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Human Immunodeficiency Virus (HIV) Confidentiality

MVHS complies with New York State regulations concerning confidentiality of patient medical information. HIV information must have a special consent to be released. HIV information is identified as any information that shows a person:

  • Had HIV-related test (such as a HIV antibody test, PCR test, CD4 test for HIV, viral load test or other test)
  • Has HIV-infection, HIV-related illness or AIDS
  • Has been exposed to HIV
  • Has one of these conditions, including information on the individual’s contacts.

Under what conditions can HIV-related information be disclosed and/or accessed by hospital staff?

Generally, HIV-related information can only be disclosed if the person signs an approved HIV release form. The Department of Health form – HIPAA Compliant Authorization for Release of Medical Information and Confidential HIV Related Information (DOH 2557) – is used for this purpose. This form allows the release of both non-HIV and HIV-related information.

Under what circumstances can HIV-related information be disclosed or accessed by hospital employees without an approved HIV release form?

For medical treatment:

  • Medical professionals working on the treatment team with the person’s existing provider may discuss a patient’s HIV-related information with each other or with their supervisors, but only to give necessary care. A general release is needed to disclose medical information to a provider who is not affiliated with the person’s current medical provider.
  • With a general release, a hospital or healthcare provider may share HIV-related information with a patient’s insurance company if the information is needed to pay for medical care.
  • Medical personnel and certain other supervisory staff may have access to HIV-related information to provide or monitor services if the person is in jail or prison, or is on parole.
  • Disclosure may occur without consent in certain cases of on-the-job exposure to HIV when all criteria for exposure have been met.
  • Parents or guardians of a minor or individuals who are legally authorized to provide consent can be given HIV-related information about the person if it is necessary to provide timely care, unless it would not be in the person’s best interests to disclose the information.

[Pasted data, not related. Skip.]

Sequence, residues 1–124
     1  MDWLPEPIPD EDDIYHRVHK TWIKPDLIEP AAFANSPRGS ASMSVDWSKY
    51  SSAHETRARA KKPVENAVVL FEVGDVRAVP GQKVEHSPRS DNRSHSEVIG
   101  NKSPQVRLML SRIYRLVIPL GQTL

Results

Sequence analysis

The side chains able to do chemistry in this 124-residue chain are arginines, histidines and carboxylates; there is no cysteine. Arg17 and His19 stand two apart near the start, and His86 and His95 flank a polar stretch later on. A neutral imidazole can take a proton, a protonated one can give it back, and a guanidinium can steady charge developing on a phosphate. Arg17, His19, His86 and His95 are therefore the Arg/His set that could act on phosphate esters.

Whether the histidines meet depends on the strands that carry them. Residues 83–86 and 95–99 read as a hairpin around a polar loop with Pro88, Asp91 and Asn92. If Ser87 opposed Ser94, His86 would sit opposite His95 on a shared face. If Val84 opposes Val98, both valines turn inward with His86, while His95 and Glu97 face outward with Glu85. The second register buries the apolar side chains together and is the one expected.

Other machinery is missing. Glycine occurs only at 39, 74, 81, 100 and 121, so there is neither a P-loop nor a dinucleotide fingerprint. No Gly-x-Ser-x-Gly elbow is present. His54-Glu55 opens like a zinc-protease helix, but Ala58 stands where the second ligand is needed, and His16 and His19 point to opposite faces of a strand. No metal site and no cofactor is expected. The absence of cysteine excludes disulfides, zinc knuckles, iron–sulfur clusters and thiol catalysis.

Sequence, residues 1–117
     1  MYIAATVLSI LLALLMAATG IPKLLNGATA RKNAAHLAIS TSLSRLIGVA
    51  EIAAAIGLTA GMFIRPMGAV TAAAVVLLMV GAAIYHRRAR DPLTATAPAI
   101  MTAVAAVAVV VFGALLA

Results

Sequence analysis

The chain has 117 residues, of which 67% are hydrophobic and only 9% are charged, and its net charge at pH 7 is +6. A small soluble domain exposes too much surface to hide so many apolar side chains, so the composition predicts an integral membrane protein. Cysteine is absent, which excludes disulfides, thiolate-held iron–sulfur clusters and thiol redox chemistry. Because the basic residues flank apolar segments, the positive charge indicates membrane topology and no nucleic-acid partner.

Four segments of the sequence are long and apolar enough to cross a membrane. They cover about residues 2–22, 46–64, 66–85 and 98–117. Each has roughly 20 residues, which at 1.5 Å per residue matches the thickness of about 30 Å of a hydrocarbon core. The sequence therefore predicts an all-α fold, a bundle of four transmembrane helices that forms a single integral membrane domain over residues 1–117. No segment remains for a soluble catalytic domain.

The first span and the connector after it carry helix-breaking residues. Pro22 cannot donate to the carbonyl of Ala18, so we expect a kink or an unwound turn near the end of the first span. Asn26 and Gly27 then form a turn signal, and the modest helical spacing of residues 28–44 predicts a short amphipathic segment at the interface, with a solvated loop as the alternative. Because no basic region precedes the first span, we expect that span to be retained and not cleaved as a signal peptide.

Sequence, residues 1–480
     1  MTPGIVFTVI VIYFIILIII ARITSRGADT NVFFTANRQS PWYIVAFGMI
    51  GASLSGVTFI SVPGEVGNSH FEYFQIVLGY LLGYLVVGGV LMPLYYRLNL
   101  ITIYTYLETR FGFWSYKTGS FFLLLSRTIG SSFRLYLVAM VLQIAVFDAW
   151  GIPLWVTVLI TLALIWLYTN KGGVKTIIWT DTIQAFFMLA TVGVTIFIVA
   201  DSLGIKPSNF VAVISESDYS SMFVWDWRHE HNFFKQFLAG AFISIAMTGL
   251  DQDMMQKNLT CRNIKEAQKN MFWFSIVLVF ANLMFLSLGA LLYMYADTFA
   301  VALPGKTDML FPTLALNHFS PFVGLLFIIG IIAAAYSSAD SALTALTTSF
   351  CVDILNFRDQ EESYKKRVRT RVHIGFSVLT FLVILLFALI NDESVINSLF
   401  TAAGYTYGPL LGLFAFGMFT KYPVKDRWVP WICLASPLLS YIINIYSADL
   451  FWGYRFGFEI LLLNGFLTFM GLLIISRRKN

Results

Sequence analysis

To monitor healthcare and disease prevention:

  • Healthcare facility staff and committees, oversight review organizations or government agencies that are authorized to have access to medical records may be given HIV-related information when it is needed to supervise, monitor or administer a health or social service.
  • Known partners of a HIV-positive person may be notified that they have been exposed to HIV by a physician if he or she follows the required New York State process for notifying the partner as directed in Article 27-F of the Public Health Law, or a public health officer.
  • Public health officials may have access to this information when required by law (such as HIV/AIDS case reporting to monitor disease trends and plan prevention programs).

Other circumstances:

  • Authorized agencies that work with prospective adoptive or foster parents may have access to this information.
  • A judge can issue a special court order that requires release of HIV-related information. HIV-related information cannot be released in response to a subpoena issued by an attorney.

As providers of healthcare, MVHS is required to provide trainings in HIV confidentiality for appropriate staff. All New York State providers of health and human services who are authorized to receive HIV-related information about individuals are required, by Public Health Law, Article 27-F, to maintain policies that regulate the protection of HIV-related information, including the provision of training. Staff members who, in the course of their duties, handle or see such information receive training on their legal obligations with regard to HIV-related information about individuals. The training includes:

  • What constitutes HIV-related information about a person
  • To whom this information may be passed with and without documented permission from the individual
  • To whom it may not be passed at all
  • Special confidentiality considerations with regards to electronic records.